08/28/2018 09:41 EDT | Updated 08/28/2018 11:44 EDT

Seafood Fraud In Canada: Study Finds Nearly Half Of Sampled Products Mislabelled

Butterfish, snapper and yellowtail were mislabelled 100 per cent of the time.

The Canadian Press
A seafood counter is shown at a store in Toronto, Thurs. May 3, 2018. A new study suggests nearly half of seafood sold in Canadian grocery stores and restaurants is mislabeled.

A new study found nearly half of seafood samples it tested in Canadian grocery stores and restaurants were mislabelled.

The report conducted by advocacy group Oceana Canada found 44 per cent of 382 seafood samples tested from five Canadian cities did not meet the Canadian Food Inspection Agency's labelling requirements.

Oceana Canada sent the samples it collected to a Guelph, Ont.-based lab that used DNA barcoding to determine the species of fish. That was compared to the CFIA's Fish List, which contains acceptable market names for various fish species.

The samples were mislabelled in restaurants 52 per cent of the time and 22 per cent of the time at retailers, including grocery stores and other markets.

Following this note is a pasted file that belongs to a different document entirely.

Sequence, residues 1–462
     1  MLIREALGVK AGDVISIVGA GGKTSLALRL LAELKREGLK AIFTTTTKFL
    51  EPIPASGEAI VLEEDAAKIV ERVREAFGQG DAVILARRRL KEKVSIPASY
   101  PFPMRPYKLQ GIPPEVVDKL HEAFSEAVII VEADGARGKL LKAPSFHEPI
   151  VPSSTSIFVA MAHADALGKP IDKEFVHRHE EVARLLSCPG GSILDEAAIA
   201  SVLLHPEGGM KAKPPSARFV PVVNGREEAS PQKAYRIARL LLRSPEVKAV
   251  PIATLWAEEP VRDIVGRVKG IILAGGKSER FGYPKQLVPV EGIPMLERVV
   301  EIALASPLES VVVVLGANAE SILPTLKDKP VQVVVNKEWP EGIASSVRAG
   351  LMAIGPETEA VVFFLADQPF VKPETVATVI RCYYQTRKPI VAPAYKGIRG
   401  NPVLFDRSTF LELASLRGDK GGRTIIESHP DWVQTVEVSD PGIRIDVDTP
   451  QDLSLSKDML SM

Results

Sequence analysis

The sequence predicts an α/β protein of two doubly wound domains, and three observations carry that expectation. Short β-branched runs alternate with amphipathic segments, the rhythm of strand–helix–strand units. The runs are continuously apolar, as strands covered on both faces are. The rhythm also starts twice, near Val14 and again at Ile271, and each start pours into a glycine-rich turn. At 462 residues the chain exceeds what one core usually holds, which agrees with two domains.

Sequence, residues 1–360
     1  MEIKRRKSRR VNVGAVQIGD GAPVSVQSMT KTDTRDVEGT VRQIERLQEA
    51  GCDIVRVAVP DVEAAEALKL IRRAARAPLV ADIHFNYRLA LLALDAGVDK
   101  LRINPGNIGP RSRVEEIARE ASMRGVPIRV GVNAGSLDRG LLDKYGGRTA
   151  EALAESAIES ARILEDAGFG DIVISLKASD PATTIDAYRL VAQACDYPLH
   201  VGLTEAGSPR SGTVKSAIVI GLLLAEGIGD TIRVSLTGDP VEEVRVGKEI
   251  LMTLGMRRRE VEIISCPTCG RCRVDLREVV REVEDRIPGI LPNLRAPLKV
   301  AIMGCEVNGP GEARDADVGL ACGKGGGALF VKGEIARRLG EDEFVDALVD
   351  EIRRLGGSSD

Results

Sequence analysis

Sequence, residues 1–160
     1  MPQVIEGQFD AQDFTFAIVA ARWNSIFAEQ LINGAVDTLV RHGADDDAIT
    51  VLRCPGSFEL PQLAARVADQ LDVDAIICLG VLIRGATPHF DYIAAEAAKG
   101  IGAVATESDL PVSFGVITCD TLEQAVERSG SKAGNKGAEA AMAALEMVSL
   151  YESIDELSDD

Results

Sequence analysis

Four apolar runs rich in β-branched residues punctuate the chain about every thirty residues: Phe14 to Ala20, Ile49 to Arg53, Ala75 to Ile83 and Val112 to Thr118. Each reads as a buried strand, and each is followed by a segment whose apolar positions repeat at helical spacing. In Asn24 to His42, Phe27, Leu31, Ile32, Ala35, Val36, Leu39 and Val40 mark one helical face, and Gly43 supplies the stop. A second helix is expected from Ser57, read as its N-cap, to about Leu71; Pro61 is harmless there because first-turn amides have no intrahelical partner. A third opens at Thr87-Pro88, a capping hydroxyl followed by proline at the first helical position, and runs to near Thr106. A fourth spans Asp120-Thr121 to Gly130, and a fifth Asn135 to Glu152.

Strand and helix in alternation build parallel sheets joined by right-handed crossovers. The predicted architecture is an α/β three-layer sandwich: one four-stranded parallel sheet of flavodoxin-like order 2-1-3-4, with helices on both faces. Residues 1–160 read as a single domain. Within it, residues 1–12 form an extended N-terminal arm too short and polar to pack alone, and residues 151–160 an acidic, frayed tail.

Oceana Canada wants the federal government to increase labelling requirements to match those in the European Union.

The CFIA, which is responsible for mitigating food safety risks and monitors food fraud in the country, did not immediately respond to a request for comment.

Earlier on HuffPost Canada:

The investigation found butterfish, snapper and yellowtail were mislabelled 100 per cent of the time.

Often what consumers are told is butterfish or white tuna turned out to be escolar, which is called the laxative of the sea because it can cause stomach issues like diarrhoea and vomiting.

Seafood is susceptible to food fraud because of a complicated global supply chain that allows for accidental or deliberate mislabelling at many stages from the fishing boat to the restaurant or store.